He went on to tell them of the times when help had been given their ancestors: both the time of Sennacherib, when a hundred and eighty-five thousand of his men perished,
and the time of the battle in Babylonia against the Galatians, when only eight thousand Jews fought along with four thousand Macedonians; yet when the Macedonians were hard pressed, the eight thousand, by the help they received from Heaven, destroyed one hundred and twenty thousand and took a great quantity of spoils.
With these words he encouraged them and made them ready to die for their laws and their country.
Then Judas divided his army into four,
placing his brothers, Simon, Joseph, and Jonathan, each over a division, assigning them fifteen hundred men apiece.
There was also Eleazar. After reading to them from the holy book and giving them the watchword, “The help of God,” Judas himself took charge of the first division and joined in battle with Nicanor.
With the Almighty as their ally, they killed more than nine thousand of the enemy, wounded and disabled the greater part of Nicanor’s army, and put all of them to flight.
They also seized the money of those who had come to buy them as slaves. When they had pursued the enemy for some time, they were obliged to return by reason of the late hour.
It was the day before the sabbath, and for that reason they could not continue the pursuit.
They collected the enemy’s weapons and stripped them of their spoils, and then observed the sabbath with fervent praise and thanks to the Lord who kept them safe for that day on which he allotted them the beginning of his mercy.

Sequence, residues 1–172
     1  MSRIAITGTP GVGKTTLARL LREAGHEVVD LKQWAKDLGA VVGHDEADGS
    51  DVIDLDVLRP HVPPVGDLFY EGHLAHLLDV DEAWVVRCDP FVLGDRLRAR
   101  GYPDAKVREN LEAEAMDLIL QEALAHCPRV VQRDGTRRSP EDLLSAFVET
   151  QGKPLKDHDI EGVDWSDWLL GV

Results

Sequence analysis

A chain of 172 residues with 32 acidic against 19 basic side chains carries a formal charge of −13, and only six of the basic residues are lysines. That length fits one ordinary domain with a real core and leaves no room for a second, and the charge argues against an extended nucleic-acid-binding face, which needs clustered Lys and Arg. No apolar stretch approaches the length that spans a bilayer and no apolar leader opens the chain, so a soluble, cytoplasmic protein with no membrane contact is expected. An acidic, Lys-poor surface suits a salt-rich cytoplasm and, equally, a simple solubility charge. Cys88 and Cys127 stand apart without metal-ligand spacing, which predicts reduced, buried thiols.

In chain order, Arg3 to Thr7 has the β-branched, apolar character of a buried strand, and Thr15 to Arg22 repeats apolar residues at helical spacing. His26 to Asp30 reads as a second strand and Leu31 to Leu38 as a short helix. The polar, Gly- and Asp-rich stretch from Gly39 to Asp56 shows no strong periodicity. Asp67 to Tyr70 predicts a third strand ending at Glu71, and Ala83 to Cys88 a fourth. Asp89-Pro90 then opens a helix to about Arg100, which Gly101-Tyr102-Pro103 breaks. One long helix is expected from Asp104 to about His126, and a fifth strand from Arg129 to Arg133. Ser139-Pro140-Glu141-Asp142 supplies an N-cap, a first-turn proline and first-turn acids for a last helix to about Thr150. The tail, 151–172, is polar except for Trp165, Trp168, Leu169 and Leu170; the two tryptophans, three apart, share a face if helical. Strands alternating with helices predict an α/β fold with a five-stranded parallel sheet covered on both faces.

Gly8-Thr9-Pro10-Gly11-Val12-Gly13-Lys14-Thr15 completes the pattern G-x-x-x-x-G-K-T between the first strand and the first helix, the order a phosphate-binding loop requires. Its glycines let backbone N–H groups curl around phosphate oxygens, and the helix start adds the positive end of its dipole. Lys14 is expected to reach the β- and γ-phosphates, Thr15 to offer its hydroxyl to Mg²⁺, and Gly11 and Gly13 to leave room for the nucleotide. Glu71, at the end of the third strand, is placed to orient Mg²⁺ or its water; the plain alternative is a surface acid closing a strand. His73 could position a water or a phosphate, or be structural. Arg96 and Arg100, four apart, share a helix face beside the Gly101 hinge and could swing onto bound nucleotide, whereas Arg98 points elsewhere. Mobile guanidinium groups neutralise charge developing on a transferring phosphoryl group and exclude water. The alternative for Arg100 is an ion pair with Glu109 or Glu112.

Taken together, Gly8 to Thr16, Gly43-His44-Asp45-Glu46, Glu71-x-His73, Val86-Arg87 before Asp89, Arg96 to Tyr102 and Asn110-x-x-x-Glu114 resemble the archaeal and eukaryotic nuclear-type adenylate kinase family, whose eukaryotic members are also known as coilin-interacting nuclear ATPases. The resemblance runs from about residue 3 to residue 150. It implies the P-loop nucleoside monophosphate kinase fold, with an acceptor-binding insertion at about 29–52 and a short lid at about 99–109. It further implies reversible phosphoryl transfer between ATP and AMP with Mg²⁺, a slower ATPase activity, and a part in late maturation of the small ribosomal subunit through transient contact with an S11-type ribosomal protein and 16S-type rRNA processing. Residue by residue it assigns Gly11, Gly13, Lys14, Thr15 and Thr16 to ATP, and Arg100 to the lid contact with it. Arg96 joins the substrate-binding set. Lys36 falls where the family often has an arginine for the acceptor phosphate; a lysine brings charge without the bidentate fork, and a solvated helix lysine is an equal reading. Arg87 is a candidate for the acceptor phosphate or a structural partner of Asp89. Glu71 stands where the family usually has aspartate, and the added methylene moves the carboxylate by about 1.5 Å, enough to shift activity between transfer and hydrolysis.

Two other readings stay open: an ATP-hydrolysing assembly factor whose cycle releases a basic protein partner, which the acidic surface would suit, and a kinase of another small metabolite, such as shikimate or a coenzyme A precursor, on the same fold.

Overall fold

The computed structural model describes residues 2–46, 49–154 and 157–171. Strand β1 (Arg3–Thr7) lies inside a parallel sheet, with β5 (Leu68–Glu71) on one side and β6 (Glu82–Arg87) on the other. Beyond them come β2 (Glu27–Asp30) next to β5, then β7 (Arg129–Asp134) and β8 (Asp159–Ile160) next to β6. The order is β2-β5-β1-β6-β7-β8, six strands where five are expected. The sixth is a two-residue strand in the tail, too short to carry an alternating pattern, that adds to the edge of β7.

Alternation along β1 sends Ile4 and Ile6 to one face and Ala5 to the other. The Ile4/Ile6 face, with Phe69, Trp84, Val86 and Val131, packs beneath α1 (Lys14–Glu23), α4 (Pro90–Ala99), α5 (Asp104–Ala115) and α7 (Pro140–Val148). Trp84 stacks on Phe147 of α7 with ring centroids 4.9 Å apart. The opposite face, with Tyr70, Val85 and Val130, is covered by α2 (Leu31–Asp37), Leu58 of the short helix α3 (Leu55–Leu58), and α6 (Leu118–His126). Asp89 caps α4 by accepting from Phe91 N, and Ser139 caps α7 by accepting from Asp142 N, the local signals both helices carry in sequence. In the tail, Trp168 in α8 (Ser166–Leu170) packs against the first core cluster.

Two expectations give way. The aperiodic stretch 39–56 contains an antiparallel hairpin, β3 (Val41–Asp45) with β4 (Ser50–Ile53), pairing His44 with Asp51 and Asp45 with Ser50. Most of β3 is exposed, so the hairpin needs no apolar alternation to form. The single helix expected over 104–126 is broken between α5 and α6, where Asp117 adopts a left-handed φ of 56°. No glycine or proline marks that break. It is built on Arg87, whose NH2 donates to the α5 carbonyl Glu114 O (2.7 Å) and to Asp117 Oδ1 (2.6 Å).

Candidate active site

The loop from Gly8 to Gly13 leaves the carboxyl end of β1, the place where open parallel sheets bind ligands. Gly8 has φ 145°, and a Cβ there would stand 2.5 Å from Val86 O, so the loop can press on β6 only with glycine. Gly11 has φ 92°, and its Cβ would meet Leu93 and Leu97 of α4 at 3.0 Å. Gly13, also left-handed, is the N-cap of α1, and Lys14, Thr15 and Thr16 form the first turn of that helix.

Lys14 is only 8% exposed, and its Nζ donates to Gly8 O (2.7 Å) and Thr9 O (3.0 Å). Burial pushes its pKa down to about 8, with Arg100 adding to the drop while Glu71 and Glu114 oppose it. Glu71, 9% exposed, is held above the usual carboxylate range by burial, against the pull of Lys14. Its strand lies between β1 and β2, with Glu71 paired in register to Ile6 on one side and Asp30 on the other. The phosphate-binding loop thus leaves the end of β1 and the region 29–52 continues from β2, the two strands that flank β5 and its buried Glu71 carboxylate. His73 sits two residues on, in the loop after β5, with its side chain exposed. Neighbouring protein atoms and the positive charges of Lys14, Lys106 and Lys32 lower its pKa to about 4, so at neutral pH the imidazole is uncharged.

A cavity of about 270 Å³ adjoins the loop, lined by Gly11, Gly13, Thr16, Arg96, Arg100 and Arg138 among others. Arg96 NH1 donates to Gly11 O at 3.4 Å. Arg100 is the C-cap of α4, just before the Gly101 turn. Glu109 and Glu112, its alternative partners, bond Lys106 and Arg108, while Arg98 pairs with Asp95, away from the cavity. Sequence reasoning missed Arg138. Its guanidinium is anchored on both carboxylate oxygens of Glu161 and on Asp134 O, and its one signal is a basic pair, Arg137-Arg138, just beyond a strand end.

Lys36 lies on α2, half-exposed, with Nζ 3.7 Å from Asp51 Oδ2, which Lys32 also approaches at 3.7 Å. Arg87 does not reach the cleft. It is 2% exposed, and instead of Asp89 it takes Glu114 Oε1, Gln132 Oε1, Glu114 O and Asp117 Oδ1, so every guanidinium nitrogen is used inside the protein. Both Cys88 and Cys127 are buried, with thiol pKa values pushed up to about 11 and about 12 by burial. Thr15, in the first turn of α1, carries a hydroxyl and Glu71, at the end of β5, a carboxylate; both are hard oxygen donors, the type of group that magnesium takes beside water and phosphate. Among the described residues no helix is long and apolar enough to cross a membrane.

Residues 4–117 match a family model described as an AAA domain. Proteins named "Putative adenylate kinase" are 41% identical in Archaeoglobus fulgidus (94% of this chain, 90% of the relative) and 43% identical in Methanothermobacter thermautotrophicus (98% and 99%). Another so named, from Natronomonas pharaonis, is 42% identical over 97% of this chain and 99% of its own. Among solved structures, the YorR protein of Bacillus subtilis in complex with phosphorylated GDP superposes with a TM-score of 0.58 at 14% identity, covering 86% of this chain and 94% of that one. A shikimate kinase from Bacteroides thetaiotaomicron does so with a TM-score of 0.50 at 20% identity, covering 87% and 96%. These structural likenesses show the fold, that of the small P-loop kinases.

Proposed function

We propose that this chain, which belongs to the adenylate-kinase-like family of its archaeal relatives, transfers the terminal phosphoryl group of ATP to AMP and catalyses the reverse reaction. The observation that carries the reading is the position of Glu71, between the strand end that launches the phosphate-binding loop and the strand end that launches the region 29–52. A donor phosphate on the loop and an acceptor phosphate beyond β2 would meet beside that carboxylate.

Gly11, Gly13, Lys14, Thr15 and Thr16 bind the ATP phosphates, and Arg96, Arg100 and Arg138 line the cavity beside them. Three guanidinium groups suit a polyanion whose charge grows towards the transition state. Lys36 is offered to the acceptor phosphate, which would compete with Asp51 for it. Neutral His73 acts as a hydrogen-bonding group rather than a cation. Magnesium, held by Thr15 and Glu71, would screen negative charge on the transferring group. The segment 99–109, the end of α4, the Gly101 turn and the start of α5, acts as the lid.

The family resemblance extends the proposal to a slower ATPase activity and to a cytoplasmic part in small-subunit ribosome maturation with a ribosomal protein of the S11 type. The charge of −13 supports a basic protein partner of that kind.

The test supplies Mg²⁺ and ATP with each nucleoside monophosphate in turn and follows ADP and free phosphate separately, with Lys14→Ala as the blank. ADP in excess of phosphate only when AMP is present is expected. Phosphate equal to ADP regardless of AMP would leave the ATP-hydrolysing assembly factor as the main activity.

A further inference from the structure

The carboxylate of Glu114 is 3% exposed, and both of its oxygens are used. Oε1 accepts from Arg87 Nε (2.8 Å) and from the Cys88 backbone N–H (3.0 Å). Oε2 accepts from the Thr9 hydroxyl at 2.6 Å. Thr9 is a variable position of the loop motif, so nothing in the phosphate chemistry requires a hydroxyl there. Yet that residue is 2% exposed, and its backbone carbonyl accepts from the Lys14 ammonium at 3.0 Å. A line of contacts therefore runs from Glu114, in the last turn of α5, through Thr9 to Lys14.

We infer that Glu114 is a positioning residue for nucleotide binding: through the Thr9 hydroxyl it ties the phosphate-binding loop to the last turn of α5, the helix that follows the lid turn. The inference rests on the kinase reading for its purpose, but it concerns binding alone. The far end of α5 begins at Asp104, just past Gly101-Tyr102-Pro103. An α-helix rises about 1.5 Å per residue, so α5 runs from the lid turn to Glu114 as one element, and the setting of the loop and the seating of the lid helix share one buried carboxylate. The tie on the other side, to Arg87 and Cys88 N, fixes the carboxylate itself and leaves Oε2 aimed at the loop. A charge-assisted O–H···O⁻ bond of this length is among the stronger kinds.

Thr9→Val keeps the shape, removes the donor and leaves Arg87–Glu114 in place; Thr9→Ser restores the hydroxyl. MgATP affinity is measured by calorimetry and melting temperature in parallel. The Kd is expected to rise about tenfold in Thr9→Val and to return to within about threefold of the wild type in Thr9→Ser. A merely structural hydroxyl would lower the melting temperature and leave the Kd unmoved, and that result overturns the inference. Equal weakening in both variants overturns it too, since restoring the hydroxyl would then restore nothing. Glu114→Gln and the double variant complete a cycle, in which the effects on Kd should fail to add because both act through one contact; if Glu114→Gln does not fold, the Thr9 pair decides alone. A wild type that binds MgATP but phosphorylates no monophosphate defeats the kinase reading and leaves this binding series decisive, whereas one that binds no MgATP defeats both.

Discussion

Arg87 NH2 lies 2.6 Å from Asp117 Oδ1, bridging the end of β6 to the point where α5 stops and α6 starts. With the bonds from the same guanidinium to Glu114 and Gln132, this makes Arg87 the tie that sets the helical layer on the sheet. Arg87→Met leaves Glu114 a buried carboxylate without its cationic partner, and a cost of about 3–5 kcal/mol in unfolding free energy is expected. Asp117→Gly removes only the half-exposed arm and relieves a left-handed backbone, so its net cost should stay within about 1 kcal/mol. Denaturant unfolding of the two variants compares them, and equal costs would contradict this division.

After the sabbath, they gave a share of the spoils to those who were tortured and to widows and orphans; the rest they divided among themselves and their children.
When this was done, they made supplication in common, imploring the merciful Lord to be completely reconciled with his servants.
They also challenged the forces of Timothy and Bacchides, killed more than twenty thousand of them, and captured some very high fortresses. They divided the considerable plunder, allotting half to themselves and the rest to victims of torture, orphans, widows, and the aged.
They collected the enemies’ weapons and carefully stored them in strategic places; the rest of the spoils they carried to Jerusalem.
They also killed the commander of Timothy’s forces, a most wicked man, who had done great harm to the Jews.
While celebrating the victory in their ancestral city, they burned both those who had set fire to the sacred gates and Callisthenes, who had taken refuge in a little house; so he received the reward his wicked deeds deserved.
The thrice-accursed Nicanor, who had brought the thousand slave dealers to buy the Jews,
after being humbled through the Lord’s help by those whom he had thought of no account, laid aside his fine clothes and fled alone across country like a runaway slave, until he reached Antioch. He was eminently successful in destroying his own army.
So he who had promised to provide tribute for the Romans by the capture of the people of Jerusalem proclaimed that the Jews had a champion, and that because they followed the laws laid down by him, they were unharmed.